It is safe to say that everyone has a special woman in their life whether it is your mother, daughter, grandmother, aunt or significant other; we here at CLEContactLenses.com are helping spread the word that the month of April is Women's Eye Health and Safety Month.
In an effort to education women about sight preservation, Prevent Blindness America (PBA) has again designated April has Women’s Eye Health and Safety Month. According to PBA, women are more susceptible than men to vision impairment, comprising 2.6 of the 4.1 million Americans age 40 and older who are visually impaired or blind.
In a recent study conducted by PBA, Vision Problems in the U.S., data showed that more women than men experience age-related macular degeneration, cataracts, glaucoma and diabetic retinopathy, which are the four most prevalent eye diseases in the U.S. Reasons for the gender discrepancy, according to the National Eye Institute, include longevity and hormonal factors.
“The first thing every woman should do, especially those ages 40 and older, is get a dilated eye exam," said Hugh R. Parry, PBA president and CEO. "Through early detection and treatment, vision loss can be lessened.”
In addition to having eyes examined, PBA recommends that women eat healthy, quit smoking, take supplements approved by a medical professional and protect eyes from the sun with UV-blocking sunglasses and headwear, as well as educate themselves on any possible family history of eye disease.
If anyone is experiencing any of the following symptoms, an appointment with an eyecare professional should be made immediately:
- Unusual trouble adjusting to dark rooms;
- Difficulty focusing on near or distant objects;
- Squinting or blinking due to unusual sensitivity to light or glare;
- Change in color of iris;
- Red-rimmed, encrusted or swollen lids;
- Recurrent pain in or around eyes;
- Double vision;
- Dark spot at the center of viewing;
- Lines and edges appear distorted or wavy;
- Excess tearing or "watery eyes";
- Dry eyes with itching or burning; and
- Seeing spots, ghost-like images.
The FDA has also created an article on how to Use Eye Cosmetics Safely. The article mentioned the following points:
- Keep everything clean - Dangerous bacteria or fungi can grow in some cosmetic products, as well as their containers. Cleanliness can help prevent eye infections.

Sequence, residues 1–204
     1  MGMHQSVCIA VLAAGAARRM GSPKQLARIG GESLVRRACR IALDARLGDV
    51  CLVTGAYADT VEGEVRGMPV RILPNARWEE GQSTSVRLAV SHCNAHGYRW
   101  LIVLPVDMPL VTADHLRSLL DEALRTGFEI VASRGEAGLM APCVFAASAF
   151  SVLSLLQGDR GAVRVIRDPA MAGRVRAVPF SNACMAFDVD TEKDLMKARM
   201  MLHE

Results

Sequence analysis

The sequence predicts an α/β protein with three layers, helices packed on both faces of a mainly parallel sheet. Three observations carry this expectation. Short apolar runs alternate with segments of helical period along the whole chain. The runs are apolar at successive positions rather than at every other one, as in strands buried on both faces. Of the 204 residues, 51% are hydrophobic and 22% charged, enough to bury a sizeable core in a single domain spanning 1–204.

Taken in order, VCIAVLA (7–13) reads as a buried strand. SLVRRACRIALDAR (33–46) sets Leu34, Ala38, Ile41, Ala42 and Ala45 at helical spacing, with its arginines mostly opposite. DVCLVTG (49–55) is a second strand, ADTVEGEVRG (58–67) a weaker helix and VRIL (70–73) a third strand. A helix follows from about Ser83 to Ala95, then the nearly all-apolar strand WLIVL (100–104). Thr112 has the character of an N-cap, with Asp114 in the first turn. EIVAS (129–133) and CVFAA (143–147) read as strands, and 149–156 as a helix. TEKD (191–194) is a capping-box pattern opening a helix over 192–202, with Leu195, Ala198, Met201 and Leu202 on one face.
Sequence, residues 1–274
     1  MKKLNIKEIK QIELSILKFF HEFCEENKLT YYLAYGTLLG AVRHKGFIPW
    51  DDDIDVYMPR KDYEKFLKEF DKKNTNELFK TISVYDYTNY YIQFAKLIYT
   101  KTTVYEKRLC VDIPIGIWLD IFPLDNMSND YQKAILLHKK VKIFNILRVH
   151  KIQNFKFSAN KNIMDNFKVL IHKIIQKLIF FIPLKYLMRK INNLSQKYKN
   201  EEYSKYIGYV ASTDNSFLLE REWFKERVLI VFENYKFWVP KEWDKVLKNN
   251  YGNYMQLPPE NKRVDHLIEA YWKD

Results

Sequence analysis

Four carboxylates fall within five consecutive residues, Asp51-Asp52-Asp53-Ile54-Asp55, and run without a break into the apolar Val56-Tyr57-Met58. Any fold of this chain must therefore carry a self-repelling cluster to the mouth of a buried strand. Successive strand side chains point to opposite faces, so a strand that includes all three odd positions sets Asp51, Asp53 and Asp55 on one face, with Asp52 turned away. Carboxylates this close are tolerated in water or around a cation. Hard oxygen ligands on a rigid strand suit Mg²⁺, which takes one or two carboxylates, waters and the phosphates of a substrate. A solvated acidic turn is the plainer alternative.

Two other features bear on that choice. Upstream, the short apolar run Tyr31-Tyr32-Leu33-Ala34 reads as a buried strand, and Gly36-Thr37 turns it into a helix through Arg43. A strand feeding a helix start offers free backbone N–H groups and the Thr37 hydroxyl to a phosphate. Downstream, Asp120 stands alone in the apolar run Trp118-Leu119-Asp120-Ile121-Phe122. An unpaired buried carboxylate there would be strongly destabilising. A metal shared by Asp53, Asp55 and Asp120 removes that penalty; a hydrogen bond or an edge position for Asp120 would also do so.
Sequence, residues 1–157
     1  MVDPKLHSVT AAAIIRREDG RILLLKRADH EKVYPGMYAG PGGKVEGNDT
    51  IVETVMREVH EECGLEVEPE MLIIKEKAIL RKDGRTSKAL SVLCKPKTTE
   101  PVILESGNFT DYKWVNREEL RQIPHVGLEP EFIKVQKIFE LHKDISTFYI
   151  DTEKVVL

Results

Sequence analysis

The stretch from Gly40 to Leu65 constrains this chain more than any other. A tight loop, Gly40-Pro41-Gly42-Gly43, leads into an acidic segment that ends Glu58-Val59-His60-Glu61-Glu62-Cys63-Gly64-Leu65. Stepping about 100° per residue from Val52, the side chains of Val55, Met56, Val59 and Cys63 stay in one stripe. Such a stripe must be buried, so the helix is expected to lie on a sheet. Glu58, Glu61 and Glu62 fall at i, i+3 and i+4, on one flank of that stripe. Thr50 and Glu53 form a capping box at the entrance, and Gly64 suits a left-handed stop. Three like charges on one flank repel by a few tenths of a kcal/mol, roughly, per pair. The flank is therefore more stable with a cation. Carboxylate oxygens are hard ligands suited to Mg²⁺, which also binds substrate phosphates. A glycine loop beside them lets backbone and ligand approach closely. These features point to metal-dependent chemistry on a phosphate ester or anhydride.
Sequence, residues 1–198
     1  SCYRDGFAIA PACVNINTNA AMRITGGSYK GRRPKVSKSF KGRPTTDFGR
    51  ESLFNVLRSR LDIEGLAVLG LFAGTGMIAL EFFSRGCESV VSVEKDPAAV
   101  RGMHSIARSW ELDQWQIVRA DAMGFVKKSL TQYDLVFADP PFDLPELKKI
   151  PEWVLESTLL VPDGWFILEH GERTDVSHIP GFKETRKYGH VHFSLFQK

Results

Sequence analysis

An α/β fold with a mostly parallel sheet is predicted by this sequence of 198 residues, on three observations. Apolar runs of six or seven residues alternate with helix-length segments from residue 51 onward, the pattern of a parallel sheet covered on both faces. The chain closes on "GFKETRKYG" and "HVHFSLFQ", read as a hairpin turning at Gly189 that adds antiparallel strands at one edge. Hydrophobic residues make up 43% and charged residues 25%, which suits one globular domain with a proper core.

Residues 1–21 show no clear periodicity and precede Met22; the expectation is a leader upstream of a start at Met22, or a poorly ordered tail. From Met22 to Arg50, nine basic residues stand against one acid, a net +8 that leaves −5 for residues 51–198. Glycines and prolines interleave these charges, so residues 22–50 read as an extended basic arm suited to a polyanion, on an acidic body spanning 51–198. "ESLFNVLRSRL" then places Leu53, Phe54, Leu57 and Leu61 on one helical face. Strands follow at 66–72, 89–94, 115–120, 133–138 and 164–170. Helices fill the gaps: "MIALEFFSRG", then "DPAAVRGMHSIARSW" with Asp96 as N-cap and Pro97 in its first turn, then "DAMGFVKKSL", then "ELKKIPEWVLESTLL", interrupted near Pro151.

- Always wash your hands before applying eye cosmetics, and be sure that any instrument you place near your eyes is clean. Be especially careful not to contaminate cosmetics by introducing microorganisms. For example, don't lay an eyelash wand on a countertop where it can pick up bacteria. Keep containers clean, since these may also be a source of contamination.
- Don't moisten cosmetic products. Don't add saliva or water to moisten eye cosmetics. Doing so can introduce bacteria. Problems can arise if you overpower a product's preservative capability.
- Don't share or swap - People can be harmed by others' germs when they share eye makeup. Keep this in mind when you come across "testers" at retail stores. If you do sample cosmetics at a store, be sure to use single-use applicators, such as clean cotton swabs.
- Don't apply or remove eye makeup in a moving vehicle. Any bump or sudden stop can cause injury to your eye with a mascara wand or other applicator.
- Check ingredients, including color additives. As with any cosmetic product sold to consumers, eye cosmetics are required to have an ingredient declaration on the label. If they don't, they are considered misbranded and illegal.
- Use only cosmetics intended for the eyes on the eyes - Don't use a lip liner as an eye liner, for example. You may expose eyes either to contamination from your mouth or to color additives that are not approved for use near the eyes.
- Don't dye eyelashes and eyebrows - No color additives are approved by FDA for permanent dyeing or tinting of eyelashes and eyebrows. Permanent eyelash and eyebrow tints and dyes have been known to cause serious eye injuries.
- Use care with false eyelashes or extensions - False eyelashes and extensions, as well as their adhesives, must meet the safety and labeling requirements for cosmetics. Since the eyelids are delicate, an allergic reaction, irritation, or injury in the eye area can occur. Check the ingredients to make sure you are not allergic to the adhesives.
- Don't use eye cosmetics that cause irritation. Stop using a product immediately if irritation occurs. See a doctor if irritation persists.
- Avoid using eye cosmetics if you have an eye infection. Discard any eye cosmetics you were using when you got the infection. Also, don't use eye cosmetics if the skin around the eye is inflamed.
- Don't use old eye cosmetics. Manufacturers usually recommend discarding mascara two to four months after purchase. Discard dried-up mascara.
- Don't store cosmetics at temperatures above 85° F. Preservatives that keep bacteria or fungi from growing can lose their effectiveness, for example, in cosmetics kept for long periods in hot cars.
For more information on women’s eye health, including fact sheets on eye diseases, pregnancy & vision and the safe use of cosmetic contact lenses, visit http://www.preventblindness.org/fact-sheets.
In honor of Women's Eye Health and Safety Month we are offering 3% Off + Free Shipping – valid Saturday and Sunday when you use the following coupon code at checkout: 782611928
Please help spread the word too all of the lovely ladies in your life to help them preserve their vision, so that they can continue to enjoy seeing us as much as we enjoy seeing them.